decided: June 4, 1984.
DENNIS O. CALDWELL, PETITIONER
CLEARFIELD COUNTY CHILDREN AND YOUTH SERVICES, RESPONDENT
Appeal from the Order of the State Civil Service Commission in the case of Dennis O. Caldwell v. Clearfield County Children and Youth Services, Appeal Nos. 3567 and 3632.
Cynthia Soult, Belin, Belin & Naddeo, for petitioner.
Alex E. Echard, for respondent.
Judges Craig, Doyle and Palladino, sitting as a panel of three. Opinion by Judge Doyle.
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This is an appeal by Dennis O. Caldwell from an order of the State Civil Service Commission (Commission) which dismissed his appeal and sustained his removal from the position of Casework Supervisor II,
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regular status, by the Clearfield County Children and Youth Services.
Caldwell was removed from his position with the Clearfield County Children and Youth Services by letter dated July 21, 1981. Caldwell appealed his removal and, by order dated September 24, 1981, the Commission ordered him reinstated with back pay, finding that he had not been afforded proper notice under Section 950 of the Civil Service Act.*fn1 By letter dated September 30, 1981, Caldwell was again removed from his position and appealed.*fn2 On January 7, 1982, a hearing was held before Mary D. Barnes, Chairman of the Commission. Commissioners Barnett and Bryan were not present at the hearing. By order dated July 29, 1982, the Commission, by agreement of a majority of its three members, dismissed Caldwell's appeal, finding that the appointing authority had sustained its burden to show just cause for Caldwell's dismissal.*fn3 Chairman Barnes dissented, indicating that she found Caldwell's testimony to be credible.
Before this Court, Caldwell argues that his rights to due process were violated in that the two commissioners
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who rendered the majority opinion were not present at the hearing.
We have held that due process does not require that all the commissioners rendering a decision be present at the hearing; all that is required is that those not present review and consider the record before an adjudication is issued. Fleming v. State Civil Service Commission, 13 Pa. Commonwealth Ct. 421, 319 A.2d 185 (1974); Siegel v. Civil Service Commission, 9 Pa. Commonwealth Ct. 256, 305 A.2d 736 (1973); see also, State Board of Funeral Directors v. Cieslak, 24 Pa. Commonwealth Ct. 315, 355 A.2d 590 (1976); General State Authority v. Loffredo, 16 Pa. Commonwealth Ct. 237, 328 A.2d 886 (1974). The Commission's opinion states that the testimony and all the exhibits were reviewed by all the commissioners and that briefs submitted by both parties were read and considered.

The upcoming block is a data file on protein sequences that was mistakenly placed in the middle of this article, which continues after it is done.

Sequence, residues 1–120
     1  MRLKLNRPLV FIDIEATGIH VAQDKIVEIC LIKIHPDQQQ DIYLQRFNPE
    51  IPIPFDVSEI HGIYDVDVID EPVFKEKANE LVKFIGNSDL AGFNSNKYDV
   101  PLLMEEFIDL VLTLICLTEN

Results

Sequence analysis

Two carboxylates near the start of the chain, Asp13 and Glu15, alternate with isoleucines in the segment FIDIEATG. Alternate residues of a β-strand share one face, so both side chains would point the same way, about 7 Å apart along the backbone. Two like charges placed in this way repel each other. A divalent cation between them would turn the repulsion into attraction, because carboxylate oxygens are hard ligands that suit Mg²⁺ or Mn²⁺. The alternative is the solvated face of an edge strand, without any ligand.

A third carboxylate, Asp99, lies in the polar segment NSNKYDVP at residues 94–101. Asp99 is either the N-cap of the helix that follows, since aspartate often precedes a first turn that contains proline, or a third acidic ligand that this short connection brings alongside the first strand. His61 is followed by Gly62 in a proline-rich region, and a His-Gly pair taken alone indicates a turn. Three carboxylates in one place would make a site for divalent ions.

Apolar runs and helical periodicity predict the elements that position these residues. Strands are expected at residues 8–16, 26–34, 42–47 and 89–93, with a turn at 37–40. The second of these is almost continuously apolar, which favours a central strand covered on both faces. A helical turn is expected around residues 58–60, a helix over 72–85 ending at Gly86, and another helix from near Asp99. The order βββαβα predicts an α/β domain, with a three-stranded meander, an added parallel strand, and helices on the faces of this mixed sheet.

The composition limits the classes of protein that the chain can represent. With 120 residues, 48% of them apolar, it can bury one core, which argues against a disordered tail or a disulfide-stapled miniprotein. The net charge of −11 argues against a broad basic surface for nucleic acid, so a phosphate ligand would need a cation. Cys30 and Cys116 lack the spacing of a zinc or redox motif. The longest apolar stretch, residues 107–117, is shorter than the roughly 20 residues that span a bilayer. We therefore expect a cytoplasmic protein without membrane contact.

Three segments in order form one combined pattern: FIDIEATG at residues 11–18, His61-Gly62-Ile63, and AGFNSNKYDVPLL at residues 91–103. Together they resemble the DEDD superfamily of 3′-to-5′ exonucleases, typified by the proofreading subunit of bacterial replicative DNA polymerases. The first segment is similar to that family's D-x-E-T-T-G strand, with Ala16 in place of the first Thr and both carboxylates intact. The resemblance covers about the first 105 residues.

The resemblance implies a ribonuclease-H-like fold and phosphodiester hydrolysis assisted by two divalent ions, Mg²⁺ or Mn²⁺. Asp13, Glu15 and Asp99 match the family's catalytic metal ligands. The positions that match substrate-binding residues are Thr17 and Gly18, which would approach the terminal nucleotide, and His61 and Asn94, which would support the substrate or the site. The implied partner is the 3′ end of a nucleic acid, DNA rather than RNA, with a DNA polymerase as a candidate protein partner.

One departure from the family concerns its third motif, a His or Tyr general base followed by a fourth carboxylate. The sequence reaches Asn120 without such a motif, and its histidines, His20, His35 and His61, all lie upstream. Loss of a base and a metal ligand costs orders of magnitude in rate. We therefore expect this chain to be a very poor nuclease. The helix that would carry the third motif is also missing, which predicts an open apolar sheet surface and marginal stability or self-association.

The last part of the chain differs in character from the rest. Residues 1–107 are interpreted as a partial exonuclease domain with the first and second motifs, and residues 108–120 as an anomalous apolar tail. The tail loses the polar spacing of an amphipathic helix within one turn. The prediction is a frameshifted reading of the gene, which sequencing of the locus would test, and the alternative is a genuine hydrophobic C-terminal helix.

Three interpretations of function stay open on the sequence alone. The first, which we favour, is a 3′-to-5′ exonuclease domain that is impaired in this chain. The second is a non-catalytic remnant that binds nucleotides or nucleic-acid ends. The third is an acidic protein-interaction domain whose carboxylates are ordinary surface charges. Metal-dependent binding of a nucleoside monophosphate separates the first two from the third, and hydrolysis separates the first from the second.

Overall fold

Caldwell urges that the majority commissioners found Caldwell's testimony to be not credible while dissenting commissioner Barnes found it to be credible, and argues that insofar as only Commissioner Barnes was present to observe Caldwell's demeanor, her determination as to credibility should control. We do not agree that the majority commissioners relied on a determination that Caldwell's testimony was not credible.*fn4 Rather, the opinion of the majority is clear that Caldwell's testimony and that of his witness was determined to be insufficient (even if credible) to refute the evidence establishing just cause presented by the appointing authority. In addition, we point out that while witness demeanor is an important consideration in determining credibility, it is not the only consideration, and administrative adjudicators are not
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precluded from determining the credibility of testimony from the reading of a transcript. See United States v. Vater, 259 F.2d 667 (2d Cir. 1958) (demeanor evidence is an important but not always determinitive consideration); see also, Robinson v. Robinson, 183 Pa. Superior Ct. 574, 133 A.2d 259 (1957) (reviewing court not bound by master's determination but conclusions on credibility given fullest consideration).
Now, June 4, 1984, the decision and order of the State Civil Service Commission in the above referenced matter, dated July 29, 1982, is hereby affirmed.